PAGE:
|US6370234||16 juin 1998||9 avr. 2002||Kroll Family Trust||Public service answering point with automatic triage capability|
|US6535121||6 avr. 2000||18 mars 2003||Richard K. Matheny||Fire department station zoned alerting control system|
|US6594634||14 sept. 1998||15 juil. 2003||Medtronic Physio-Control Corp.||Method and apparatus for reporting emergency incidents|
|US6607481||10 oct. 2000||19 août 2003||Jeffrey J. Clawson||Method and system for an improved entry process of an emergency medical dispatch system|
|US6879819||25 juin 2001||12 avr. 2005||Denso Corporation||Control and messaging during emergency calls|
|US6901397||5 févr. 1999||31 mai 2005||Gte Service Corporation||Method and apparatus for providing web-based assistance to customers and service representatives|
|US6931112||31 août 2000||16 août 2005||Aspect Communications Corporation||User invoked directed outdial method and apparatus|
|US6968375||8 sept. 2000||22 nov. 2005||Health Hero Network, Inc.||Networked system for interactive communication and remote monitoring of individuals|
|US7106835||16 avr. 2002||12 sept. 2006||Medical Priority Consultants, Inc.||Method and system for integrating a computer aided dispatch system with an emergency medical dispatch protocol|
|US7428301||9 oct. 2000||23 sept. 2008||Clawson Jeffrey J||Method and system for the exit protocol of an emergency medical dispatch system|
|US7436937||25 sept. 2002||14 oct. 2008||Clawson Jeffrey J||Method and system for the police response dispatch protocol of an emergency dispatch system|
|US7645234||13 juin 2007||12 janv. 2010||Clawson Jeffrey J||Diagnostic and intervention tools for emergency medical dispatch|
|US20020004729||26 avr. 2001||10 janv. 2002||Christopher Zak||Electronic data gathering for emergency medical services|
|US20020106059||25 mars 2002||8 août 2002||Kroll Mark W.||Public service answering point with automatic triage capability|
|US20030028536||22 févr. 2002||6 févr. 2003||Singh Hartej P.||Proactive emergency response system|
|US20030050538||29 mai 2002||13 mars 2003||Morteza Naghavi||System and method for medical observation system located away from a hospital|
|US20030195394||16 avr. 2002||16 oct. 2003||Medical Priority Consultants, Inc.||Method and system for integrating a computer aided dispatch system with an emergency medical dispatch protocol|
|US20030212575||7 mai 2002||13 nov. 2003||Richard Saalsaa||Method and system for a seamless interface between an emergency medical dispatch system and a nurse triage system|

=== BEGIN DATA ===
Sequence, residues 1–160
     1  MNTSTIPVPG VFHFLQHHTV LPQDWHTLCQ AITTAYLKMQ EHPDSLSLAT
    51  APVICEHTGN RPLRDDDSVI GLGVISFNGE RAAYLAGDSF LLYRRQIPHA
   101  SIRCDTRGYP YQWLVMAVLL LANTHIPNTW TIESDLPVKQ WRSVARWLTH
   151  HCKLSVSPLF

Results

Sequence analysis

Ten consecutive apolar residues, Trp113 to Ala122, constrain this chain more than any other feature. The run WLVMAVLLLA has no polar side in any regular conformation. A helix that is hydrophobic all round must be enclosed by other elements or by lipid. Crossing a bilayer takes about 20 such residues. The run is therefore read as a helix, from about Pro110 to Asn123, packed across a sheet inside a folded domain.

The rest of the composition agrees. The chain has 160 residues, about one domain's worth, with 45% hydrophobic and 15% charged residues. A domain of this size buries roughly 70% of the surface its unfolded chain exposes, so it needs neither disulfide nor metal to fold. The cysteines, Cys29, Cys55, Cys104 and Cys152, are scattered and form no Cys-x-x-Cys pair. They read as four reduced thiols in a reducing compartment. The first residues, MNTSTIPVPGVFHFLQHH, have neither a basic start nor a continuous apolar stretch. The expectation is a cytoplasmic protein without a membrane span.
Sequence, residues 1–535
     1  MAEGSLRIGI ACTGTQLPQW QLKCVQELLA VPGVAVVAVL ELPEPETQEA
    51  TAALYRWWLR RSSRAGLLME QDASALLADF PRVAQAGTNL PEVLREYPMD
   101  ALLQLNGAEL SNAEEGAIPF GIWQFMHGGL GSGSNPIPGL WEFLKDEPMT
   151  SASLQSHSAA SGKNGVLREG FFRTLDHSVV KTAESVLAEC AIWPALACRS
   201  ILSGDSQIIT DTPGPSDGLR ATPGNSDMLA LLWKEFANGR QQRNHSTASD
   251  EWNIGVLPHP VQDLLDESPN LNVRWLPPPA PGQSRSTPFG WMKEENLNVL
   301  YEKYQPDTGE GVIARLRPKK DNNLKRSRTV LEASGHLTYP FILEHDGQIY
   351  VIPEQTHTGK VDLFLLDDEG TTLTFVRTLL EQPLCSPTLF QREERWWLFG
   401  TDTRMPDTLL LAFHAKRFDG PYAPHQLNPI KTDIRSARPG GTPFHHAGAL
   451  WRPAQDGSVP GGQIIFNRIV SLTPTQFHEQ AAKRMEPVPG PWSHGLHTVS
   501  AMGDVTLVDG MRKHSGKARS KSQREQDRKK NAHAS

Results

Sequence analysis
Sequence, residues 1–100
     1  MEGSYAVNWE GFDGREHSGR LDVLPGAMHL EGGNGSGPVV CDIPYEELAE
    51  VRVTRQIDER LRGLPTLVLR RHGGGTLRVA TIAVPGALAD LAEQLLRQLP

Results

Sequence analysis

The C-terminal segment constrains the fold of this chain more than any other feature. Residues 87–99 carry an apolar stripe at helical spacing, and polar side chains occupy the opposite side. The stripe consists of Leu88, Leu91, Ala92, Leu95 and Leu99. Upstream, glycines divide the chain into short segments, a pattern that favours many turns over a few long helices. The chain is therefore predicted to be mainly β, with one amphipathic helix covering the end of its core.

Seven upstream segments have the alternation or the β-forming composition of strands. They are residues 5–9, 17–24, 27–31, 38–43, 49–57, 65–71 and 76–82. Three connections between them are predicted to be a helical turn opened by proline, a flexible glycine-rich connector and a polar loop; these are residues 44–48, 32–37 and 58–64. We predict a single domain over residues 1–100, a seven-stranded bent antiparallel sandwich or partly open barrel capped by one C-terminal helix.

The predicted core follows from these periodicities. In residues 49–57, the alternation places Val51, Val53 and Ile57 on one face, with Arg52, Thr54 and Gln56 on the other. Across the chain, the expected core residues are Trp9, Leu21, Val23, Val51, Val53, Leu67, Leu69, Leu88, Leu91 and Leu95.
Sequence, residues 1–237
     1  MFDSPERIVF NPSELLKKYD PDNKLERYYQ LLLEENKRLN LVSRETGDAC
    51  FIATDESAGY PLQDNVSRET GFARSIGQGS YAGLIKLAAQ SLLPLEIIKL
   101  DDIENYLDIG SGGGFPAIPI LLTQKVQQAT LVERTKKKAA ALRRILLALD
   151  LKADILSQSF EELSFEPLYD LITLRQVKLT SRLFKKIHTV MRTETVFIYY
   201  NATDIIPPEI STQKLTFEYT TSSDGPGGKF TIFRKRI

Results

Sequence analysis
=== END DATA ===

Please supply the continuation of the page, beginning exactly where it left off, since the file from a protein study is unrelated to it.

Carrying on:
|US20060122520||7 déc. 2004||8 juin 2006||Dr. Matthew Banet||Vital sign-monitoring system with multiple optical modules|
|US20060173500||31 janv. 2005||3 août 2006||Medtronic Emergency Response Systems, Inc.||CPR time indicator for a defibrillator data management system|
|US20060178908||18 janv. 2006||10 août 2006||Rappaport Alain T||Method, apparatus and system for providing targeted information in relation to laboratory and other medical services|
|US20070055559||25 sept. 2002||8 mars 2007||Clawson Jeffrey J||Method and system for the fire response dispatch protocol of an emergency dispatch system|
|US20070112275||15 août 2006||17 mai 2007||Cooke William H||Medical Intervention Indicator Methods and Systems|
|US20070116189||25 sept. 2002||24 mai 2007||Clawson Jeffrey J||Method and system for the police response dispatch protocol of an emergency dispatch system|
|US20070201664||11 avr. 2007||30 août 2007||Salafia Christopher M||Protocol builder for a call handling system|
|US20100004710 *||26 juil. 2007||7 janv. 2010||Scientific Pathways International, LLC.||Cpr analysis system and method|
|US20100152800 *||25 févr. 2010||17 juin 2010||Physio-Control, Inc.||Cpr time indicator for a defibrillator data management system|
|JP2003187003A||Titre non disponible|
|WO2006015229A2||28 juil. 2005||9 févr. 2006||Medical Simulation Corporation||Physician computer aided interactive medical management information and control system and method|
|WO2008156876A1||26 févr. 2008||24 déc. 2008||Clawson Jeffrey J||Diagnostic and intervention tools for emergency medical dispatch|
|1||"Dictaphone introduces Windows-based Computer-Aided Dispatch (CAD) system," Business Wire, Apr. 23, 1996, 2 pgs. (in commercial use in 1995).|
|2||"Geac Completes Software Install," Wireless Week, Nov. 18, 1996, 3 pgs.|
|3||Advisory Action Before the Filing of an Appeal Brief from USPTO for U.S. Appl. No. 09/685,697 mailed Mar. 13, 2006, 4 pgs.|
|4||Advisory Action Before the Filing of an Appeal Brief from USPTO for U.S. Appl. No. 10/255,901 mailed Feb. 14, 2006, 3 pgs.|
|5||Advisory Action Before the Filing of an Appeal Brief from USPTO for U.S. Appl. No. 10/255,905 mailed Aug. 11, 2006, 3 pgs.|
|6||Anonymous, "Suburban Chicago towns centralize 911 services," Communications News, v31 n10, Oct. 1994, 2 pgs.|
|7||Best, Wendy, "999 United Emergency services share life-saving Role to boost response," Western Daily Press, WDP Severnside ed., May 27, 1999, 2 pgs.|
|8||CBS web page News Story entitled "911 Operator: ‘It's got to be Hell’", Mar. 31, 2006 (excerpts from 911 operators' actions during the attacks on Sep. 11, 2001), 3 pgs.|